Jan 16, 2020 · 6 min read

Celebrating National Mentoring Month & the Impact of Mentorship

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Woman (left) and man (right) sitting on a couch talking
Madison Dunitz and Abel Regalado talk about the benefits of mentoring. Photo by CZI.
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In 2002, MENTOR, Harvard School of Public Health, and the Corporation for National and Community Service launched its first-ever National Mentoring Month campaign in January to promote youth mentoring. Since then, it’s become an annual celebration of mentors, mentees, and the impact of mentorship. 

At the Chan Zuckerberg Initiative, there’s no shortage of mentorship opportunities. Think code pairing, speed networking, and access to leaders in tech, philanthropy, science, education, and criminal justice, among others. We also build tech tools that promote mentorship in schools and partner with organizations that offer mentoring programs. 

Learn more about how we support mentorship inside and outside of CZI.

A young woman stands in front of a painted mural
Madison Dunitz is a software engineer on the Science initiative. Photo by CZI.

A Mentor’s Perspective

Madison Dunitz, Software Engineer, Science

“I’ve always been on the lookout for good mentors, but it never occurred to me that I could be one, too,” Madison Dunitz said in a recent interview about the value of mentorship. One of Madison’s former colleagues encouraged her to share her experience and expertise with others as a mentor at CZI. Since then, she’s been deeply involved in creating mentorship opportunities through the Women’s Impact Network (WIN) employee resource group and within science tech. This has given her great reason to connect with others and talk to some of the impressive leaders who work here.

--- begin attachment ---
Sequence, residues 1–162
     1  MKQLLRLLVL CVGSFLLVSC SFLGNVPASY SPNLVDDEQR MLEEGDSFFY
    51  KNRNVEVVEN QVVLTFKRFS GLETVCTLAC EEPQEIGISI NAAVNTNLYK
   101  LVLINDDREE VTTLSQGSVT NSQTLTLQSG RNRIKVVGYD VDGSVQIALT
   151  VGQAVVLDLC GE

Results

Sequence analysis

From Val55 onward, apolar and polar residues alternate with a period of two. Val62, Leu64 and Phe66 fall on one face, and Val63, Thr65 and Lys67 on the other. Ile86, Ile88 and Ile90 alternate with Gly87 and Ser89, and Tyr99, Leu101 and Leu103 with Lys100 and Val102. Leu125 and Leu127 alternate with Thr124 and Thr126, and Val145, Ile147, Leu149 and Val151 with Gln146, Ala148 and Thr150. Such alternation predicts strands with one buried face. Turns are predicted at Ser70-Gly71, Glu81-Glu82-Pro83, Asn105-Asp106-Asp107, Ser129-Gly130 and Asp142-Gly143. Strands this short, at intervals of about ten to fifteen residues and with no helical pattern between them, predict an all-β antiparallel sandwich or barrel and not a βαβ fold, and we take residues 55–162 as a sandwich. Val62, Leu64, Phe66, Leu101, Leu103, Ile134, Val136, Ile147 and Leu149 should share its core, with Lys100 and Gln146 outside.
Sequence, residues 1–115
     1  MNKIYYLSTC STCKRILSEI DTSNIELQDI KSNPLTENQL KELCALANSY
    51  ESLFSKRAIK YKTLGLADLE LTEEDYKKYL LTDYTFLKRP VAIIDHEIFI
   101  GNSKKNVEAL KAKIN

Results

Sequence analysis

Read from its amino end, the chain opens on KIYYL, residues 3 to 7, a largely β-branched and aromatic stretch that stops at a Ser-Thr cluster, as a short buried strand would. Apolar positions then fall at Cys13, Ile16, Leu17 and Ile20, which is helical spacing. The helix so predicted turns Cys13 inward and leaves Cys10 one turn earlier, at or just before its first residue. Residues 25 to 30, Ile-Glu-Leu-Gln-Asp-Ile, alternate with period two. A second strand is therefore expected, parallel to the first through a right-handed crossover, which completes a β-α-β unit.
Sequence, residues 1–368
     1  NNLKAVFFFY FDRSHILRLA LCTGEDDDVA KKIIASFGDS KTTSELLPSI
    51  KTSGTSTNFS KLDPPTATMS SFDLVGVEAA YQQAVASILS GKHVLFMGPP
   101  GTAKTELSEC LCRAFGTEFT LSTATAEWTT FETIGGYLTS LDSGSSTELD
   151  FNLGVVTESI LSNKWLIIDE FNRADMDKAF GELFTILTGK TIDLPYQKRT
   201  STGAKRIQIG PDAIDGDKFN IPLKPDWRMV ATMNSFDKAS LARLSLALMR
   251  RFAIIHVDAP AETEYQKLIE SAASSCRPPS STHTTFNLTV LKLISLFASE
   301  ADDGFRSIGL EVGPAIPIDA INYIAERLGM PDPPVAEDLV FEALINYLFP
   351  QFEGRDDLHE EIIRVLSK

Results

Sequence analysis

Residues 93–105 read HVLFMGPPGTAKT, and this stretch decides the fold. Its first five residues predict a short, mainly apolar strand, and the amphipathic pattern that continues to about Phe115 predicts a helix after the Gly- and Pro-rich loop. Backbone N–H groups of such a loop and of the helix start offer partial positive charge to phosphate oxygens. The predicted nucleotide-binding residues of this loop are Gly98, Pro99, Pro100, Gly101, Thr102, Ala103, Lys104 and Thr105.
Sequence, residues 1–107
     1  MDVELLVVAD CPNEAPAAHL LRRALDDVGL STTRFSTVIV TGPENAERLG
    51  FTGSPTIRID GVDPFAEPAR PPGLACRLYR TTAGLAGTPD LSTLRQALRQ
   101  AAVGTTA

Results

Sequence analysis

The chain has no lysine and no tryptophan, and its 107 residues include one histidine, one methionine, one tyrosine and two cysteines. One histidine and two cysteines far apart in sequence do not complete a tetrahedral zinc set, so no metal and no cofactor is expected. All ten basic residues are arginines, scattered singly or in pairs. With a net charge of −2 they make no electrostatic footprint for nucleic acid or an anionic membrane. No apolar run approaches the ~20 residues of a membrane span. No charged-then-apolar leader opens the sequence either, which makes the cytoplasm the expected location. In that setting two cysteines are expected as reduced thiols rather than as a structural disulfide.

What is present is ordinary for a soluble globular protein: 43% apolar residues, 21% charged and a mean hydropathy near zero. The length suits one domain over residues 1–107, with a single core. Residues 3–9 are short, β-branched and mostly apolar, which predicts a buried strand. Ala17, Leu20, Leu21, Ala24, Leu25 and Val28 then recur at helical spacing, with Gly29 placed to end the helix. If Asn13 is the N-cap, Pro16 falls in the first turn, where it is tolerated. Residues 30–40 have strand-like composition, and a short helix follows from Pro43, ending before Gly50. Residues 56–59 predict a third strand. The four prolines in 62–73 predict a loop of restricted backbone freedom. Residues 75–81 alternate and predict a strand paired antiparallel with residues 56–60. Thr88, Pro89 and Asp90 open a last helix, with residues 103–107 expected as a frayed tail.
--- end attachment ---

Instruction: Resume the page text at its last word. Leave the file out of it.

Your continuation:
One of her more memorable mentorship moments was with Group Product Manager, Science, T.J. Chen. Before the meeting, Madison was asked to write down all of the things she was currently doing or trying to do. Turns out, the list was lengthy. “While going through the list item by item, she pointed out that I needed to get better at closing things out and communicating that they were done in order to move on to other things more efficiently,” Madison said. This invaluable exercise helped her to refocus and better prioritize her workload.

Beyond this, Madison and Princess Lewis (Executive Assistant, Education and Technology) hosted two speed networking events that sparked new, ongoing mentorship relationships. The event was so successful that employees can expect the next one to occur on January 31, 2020 at 801 Jefferson.

A young man sits on a couch inside of an office
Abel Regalado is a software engineer on the Education initiative. Photo by CZI.

A Mentee’s Perspective

Abel Regalado, Software Engineer, Product Frontiers, Education

Undoubtedly, JR Arimboanga, my first mentor in high school, had a dramatic impact on my life,” Abel Regalado said as he reflected on his first experience with mentorship. “I would have run the risk of falling down a wrong path and would have not found a passion for coding and computer science while in high school.” Abel developed several mentor relationships in his life, including one with Daniel Adeyanju, who he met at a speed mentorship event via Students Rising Above, a college preparation and support program. 

At the time, Daniel was a software engineer in San Francisco, and Abel was interested in learning more about his life as a software engineer of color in the San Francisco technology industry. While Abel got a glimpse into his day-to-day life, he also found someone who he could look up to and aspire to be. “Meeting Daniel and being mentored by him helped me envision where I could be in a few years,” Abel said. “He was the first software engineer of color in my community that I knew, and through that relationship, I realized that I had so much potential and could break down systemic barriers that prevented many others from attempting or envisioning what I had in mind.”